Specifying parameterized variation of biophysical properties

A large body of experimental data indicates that neuronal membrane properties can be nonuniform. For example, in some cell classes there is evidence that channel densities vary with location in a systematic manner. With the CellBuilder it is possible to specify that channel densities and other biophysical properties are functions of position.

For this tutorial, we return to our stylized model


but now we want gnabar_hh, gkbar_hh, and gl_hh in the apical dendrites to decrease linearly with distance from the origin of the apical tree.


Section L (um) diam (um) Biophysics
soma 20 20 hh
ap[0] 400 2 hh*
ap[1] 300 1 hh*
ap[2] 500 1 hh*
bas 200 3 pas
axon 800 1 hh
  • gnabar_hh, gkbar_hh, and gl_hh vary with distance from the origin of the apical tree
  1. All have “full” density at origin of apical tree.
  2. Density falls to 0% at the most distant termination.

To ensure that resting potential is -5 mV throughout the cell, e_pas in the basilar dendrite is -65 mV.

Other parameters: cm = 1 uf/cm^2, Ra = 160 ohm cm.

Before we start, let’s restate the problem in mathematical terms.

Consider sodium conductance. For every point in the apical tree, we want the sodium conductance density at that point to depend on the fractional, or normalized, distance from the origin of the apical tree to that point. So we want gnabar_hh to vary with p, the normalized distance into the apical tree, according to this formula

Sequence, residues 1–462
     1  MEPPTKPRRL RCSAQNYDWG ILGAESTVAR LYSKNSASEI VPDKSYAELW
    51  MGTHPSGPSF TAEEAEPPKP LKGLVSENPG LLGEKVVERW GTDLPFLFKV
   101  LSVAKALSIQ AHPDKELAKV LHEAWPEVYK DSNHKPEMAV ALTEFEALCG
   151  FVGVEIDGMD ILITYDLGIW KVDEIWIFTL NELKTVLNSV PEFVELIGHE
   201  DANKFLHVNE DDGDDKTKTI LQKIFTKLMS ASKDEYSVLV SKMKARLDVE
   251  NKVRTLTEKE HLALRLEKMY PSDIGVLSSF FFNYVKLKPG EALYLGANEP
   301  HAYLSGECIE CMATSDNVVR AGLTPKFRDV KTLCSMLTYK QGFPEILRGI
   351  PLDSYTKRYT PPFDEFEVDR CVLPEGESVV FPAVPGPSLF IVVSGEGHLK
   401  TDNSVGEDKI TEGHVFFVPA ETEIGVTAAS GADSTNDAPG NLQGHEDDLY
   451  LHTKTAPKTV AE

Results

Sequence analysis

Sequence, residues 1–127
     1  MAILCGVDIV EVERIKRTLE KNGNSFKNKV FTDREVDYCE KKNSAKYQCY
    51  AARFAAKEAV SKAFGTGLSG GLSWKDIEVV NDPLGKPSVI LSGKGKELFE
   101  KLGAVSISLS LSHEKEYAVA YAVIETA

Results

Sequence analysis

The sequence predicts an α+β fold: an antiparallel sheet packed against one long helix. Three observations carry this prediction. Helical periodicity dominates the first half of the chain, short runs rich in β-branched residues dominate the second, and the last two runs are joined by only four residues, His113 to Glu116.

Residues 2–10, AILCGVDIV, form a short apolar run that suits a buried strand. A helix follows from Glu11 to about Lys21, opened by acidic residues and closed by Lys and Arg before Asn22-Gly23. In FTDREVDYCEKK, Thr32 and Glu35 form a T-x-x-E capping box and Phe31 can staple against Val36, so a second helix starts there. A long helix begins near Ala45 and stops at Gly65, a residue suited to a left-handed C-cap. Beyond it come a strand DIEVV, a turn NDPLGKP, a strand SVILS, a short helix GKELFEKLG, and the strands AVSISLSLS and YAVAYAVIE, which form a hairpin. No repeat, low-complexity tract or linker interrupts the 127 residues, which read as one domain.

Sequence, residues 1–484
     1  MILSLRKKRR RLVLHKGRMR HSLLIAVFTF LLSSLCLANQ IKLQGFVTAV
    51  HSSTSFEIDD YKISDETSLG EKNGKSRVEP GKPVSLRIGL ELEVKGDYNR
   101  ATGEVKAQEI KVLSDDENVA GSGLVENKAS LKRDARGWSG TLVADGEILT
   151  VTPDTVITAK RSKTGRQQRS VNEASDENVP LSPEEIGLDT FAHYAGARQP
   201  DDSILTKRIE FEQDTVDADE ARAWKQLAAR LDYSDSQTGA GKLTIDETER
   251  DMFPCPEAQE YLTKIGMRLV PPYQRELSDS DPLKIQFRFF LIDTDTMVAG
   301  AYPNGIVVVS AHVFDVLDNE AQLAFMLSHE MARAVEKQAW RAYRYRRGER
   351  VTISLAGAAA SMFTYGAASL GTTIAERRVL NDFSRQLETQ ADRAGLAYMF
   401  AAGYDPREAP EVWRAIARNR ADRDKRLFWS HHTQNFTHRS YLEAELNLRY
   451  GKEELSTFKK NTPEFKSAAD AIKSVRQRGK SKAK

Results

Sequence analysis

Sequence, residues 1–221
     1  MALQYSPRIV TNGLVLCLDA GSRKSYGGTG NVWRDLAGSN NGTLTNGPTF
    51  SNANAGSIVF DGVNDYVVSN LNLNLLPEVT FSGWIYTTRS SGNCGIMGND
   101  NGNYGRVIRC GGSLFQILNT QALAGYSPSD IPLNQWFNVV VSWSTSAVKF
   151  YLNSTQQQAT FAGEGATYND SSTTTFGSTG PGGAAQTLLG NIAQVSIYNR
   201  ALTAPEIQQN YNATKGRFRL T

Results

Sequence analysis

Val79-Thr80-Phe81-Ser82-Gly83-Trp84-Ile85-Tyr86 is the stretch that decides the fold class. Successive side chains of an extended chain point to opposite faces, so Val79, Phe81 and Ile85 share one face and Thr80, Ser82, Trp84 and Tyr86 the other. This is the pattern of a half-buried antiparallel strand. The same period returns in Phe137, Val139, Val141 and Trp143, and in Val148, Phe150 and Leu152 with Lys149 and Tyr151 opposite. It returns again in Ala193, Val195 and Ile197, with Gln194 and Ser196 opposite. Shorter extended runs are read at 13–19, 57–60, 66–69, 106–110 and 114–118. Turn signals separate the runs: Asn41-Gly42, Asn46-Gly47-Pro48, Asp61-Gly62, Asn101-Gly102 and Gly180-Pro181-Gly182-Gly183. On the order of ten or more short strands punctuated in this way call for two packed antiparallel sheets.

gnabar_hh = 0.12 * (1-p) where p = L0x / Lmax


We also want gkbar_hh and gl_hh to be governed by similar formulas.

This is a special case of a more general task: the problem of how to specify that a parameter param is some function f of p

param = f(p)

where p is one of the following distance metrics:

  • path length (along the centroid of sections) from a reference point
  • radial distance in space from a reference point
  • distance from a plane, e.g. depth from the cortical surface, or distance above or below a cortical layer

If we were trying to do this by writing our own hoc code, we might come up with something like this:

forsec subset for (x,0) { rangevar_suffix(x) = f(p(x)) }

where p is a function that returns one of the three distance metrics mentioned above

The CellBuilder’s uses something called the SubsetDomainIterator class. to help us achieve the same effect very easily, and usually without having to write any code.

Let’s see how this works.

Step 1. Set up a SubsetDomainIterator

by specifying the subset over which it will iterate, and the distance metric it will use

Step 2. Specify the model parameter(s) to be varied

Step 3. Specify and verify the functions that govern the parameters

Step 4. Use the model specification